The lensman who gave Vijayakant an image makeover

The bulky, but powerful Charton camera shaped the lads destiny
Last Updated 31 March 2011, 18:16 IST

Nearly 33 years ago, it was ‘Charton,’ a bulky but powerful box-type camera made in Japan, which had to be pushed around on a three-wheel trolley, that shaped the destiny of a Madurai lad, Vijayaraj, at the hands of R Asaithambi, owner of Rasi Studio here and helped his eventual transformation into Vijayakant, the actor-politician. Consumed by a passion to act in films, Vijayaraj, a school dropout, was running from pillar to post to spot a photo studio that would capture in still photographs, his ability to portray different moods.

Vijayaraj intended to send a set of these photographs to Tamil film producers and directors in Chennai and secure a toehold in the film world.

“I took stills in several studios of Madurai, but nothing seemed film-grade material until I stepped into Asaithambi’s Rasi Studio,” Vijayakant himself recalled later. The photographer has proudly laminated that interview the actor gave in Madurai in 1986.

Asaithambi said he photographed Vijayaraj with that big Japanese camera for 41 days, working till the wee hours. Vijayaraj was patient, prompt and worked very hard to get an acceptable face to enter filmdom.”

From hundreds of stills, “we selected 36,” recalled Asaithambi. Then Vijayaraj moved over to Chennai. “Periodically, I used to send good quality black and white prints to him through friends. Armed with them, Vijayaraj knocked on many a film maker’s door.”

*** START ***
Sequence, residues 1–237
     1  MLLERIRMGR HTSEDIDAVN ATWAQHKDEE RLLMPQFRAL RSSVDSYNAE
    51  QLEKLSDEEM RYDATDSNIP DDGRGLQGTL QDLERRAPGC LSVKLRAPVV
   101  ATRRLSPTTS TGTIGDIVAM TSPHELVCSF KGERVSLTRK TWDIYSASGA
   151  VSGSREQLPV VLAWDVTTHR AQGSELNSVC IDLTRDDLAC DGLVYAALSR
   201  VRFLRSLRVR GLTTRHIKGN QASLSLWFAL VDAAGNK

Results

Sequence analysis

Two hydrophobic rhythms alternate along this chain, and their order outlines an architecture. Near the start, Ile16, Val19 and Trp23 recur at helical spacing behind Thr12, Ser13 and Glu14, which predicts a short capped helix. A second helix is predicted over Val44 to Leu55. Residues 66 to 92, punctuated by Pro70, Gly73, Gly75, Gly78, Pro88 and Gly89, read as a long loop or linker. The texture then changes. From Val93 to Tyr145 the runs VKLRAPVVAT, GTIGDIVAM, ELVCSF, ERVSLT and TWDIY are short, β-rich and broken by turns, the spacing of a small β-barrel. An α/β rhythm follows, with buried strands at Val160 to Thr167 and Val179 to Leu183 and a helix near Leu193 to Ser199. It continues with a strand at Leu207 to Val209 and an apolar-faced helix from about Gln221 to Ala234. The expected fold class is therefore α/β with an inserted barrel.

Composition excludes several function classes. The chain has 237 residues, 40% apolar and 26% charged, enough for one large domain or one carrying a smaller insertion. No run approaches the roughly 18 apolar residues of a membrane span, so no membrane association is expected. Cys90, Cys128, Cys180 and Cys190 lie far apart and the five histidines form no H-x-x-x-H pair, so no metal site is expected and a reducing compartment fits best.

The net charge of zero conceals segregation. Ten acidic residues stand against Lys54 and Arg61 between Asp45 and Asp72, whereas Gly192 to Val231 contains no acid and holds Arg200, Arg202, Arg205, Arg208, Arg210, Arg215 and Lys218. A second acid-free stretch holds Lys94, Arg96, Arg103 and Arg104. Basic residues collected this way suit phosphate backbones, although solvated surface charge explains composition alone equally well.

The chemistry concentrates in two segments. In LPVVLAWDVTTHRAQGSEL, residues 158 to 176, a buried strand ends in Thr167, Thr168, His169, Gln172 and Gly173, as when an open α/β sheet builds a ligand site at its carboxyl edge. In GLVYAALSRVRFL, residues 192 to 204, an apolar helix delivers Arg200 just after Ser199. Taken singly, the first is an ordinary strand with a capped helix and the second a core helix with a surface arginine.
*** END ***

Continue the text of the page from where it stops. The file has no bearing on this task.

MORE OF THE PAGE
Asaithambi remembered how Vijayaraj used to hang out in those days at the office of Masuk Gazhiyar, Madurai’s famous film distributor. Gazhiyar Used to distribute films starring MGR and Sivaji Ganesan. After MGR quit films in 1977 to turn chief minister, Ghaziyar suffered a financial loss. He wanted to make a film with Rajnikanth but the busy star could not give Gazhiyar a call-sheet. Gazhiyar then prompted Vijayaraj to enter Tamil cinema. “I took some stills of Vijayaraj in the Rajnikanth mould so that it may impress some film producer or director,” said Asaithambi.

Finally, producer M A Kaja gave the boy a break with ‘Inikkum Ilamai’. Thus, actor Vijayakant was born. At the Union Christian Higher Secondary School here, one of the oldest schools in South India established by the German Lutheran Missionaries in 1883, from which Vijayaraj had dropped out in 1969, the latter is vividly remembered as an ‘eternal back-bencher.’ The school has been the alma mater of nationalist leader Muthuramalinga Thevar and sage Ramana Mahrishi.

(Published 31 March 2011, 18:16 IST)

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